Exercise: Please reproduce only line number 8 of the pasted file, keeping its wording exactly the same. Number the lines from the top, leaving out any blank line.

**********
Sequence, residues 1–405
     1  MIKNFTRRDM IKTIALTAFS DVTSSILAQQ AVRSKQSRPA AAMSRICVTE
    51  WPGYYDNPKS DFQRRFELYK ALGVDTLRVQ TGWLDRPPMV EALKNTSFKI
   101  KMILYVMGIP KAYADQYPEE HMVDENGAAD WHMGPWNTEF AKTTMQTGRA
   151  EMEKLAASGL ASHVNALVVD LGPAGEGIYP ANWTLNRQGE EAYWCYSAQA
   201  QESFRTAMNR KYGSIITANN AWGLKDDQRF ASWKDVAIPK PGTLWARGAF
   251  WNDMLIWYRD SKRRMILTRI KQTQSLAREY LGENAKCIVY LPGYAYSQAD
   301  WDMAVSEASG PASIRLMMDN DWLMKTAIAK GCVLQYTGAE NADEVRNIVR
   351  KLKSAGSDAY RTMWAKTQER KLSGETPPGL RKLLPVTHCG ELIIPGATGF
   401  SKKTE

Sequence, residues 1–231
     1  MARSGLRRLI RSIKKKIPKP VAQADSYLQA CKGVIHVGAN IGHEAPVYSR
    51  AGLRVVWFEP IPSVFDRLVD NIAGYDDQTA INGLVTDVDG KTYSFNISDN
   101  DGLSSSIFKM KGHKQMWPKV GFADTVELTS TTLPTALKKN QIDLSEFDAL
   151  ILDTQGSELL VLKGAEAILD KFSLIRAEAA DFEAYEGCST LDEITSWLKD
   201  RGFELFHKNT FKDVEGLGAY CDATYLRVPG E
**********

   301  WDMAVSEASG PASIRLMMDN DWLMKTAIAK GCVLQYTGAE NADEVRNIVR